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Thermotherapy to the facial region in and around the eyelids altered prefrontal hemodynamic responses and autonomic nervous activity during mental arithmetic

Authors


  • This work was supported partly by JSPS (Japan Society for the Promotion of Science) Asian Core Program, and the Ministry of Education, Science, Sports and Culture, Grant-in-Aid for Scientific Research (A) (22240051) awarded to Hisao Nishijo.

Address correspondence to: Dr. Hisao Nishijo, System Emotional Science, Graduate School of Medicine and Pharmaceutical Sciences, University of Toyama, Sugitani 2630, Toyama 930-0194, Japan. E-mail: nishijo@med.u-toyama.ac.jp

Abstract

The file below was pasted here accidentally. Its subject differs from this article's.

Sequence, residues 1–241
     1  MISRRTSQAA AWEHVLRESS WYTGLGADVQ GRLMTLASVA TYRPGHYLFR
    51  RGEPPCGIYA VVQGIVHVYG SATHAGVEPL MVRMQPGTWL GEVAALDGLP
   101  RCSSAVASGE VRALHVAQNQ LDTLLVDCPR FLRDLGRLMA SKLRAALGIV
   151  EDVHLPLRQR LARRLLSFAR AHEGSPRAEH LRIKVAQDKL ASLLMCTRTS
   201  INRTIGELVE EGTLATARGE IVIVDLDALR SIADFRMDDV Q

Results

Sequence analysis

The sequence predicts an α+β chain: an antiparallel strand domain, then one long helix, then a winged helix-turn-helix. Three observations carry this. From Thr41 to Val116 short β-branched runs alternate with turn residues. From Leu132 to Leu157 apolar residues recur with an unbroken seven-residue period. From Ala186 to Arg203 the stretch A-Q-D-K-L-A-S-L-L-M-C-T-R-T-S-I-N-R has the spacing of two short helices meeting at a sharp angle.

To investigate neural mechanisms of local thermotherapy to reduce mental stress, participants were required to perform mental arithmetic after treatment by a heat- and steam-generating sheet on the facial eyelid region while hemodynamic activity and ECGs were monitored. The results indicated that thermotherapy decreased hemodynamic activity in the anterior dorsomedial prefrontal cortex (aDMPFC) involved in sympathetic activity. Consistently, thermotherapy increased parasympathetic activity while it decreased sympathetic activity. Furthermore, thermotherapy increased hemodynamic activity in the dorsolateral prefrontal cortex (DLPFC) during mental arithmetic. These hemodynamic responses in the DLPFC during mental arithmetic were negatively correlated with that in the aDMPFC during thermotherapy. The results suggest that thermotherapy in the facial eyelid region is useful to ameliorate mental fatigue through its effects on the prefrontal cortex.

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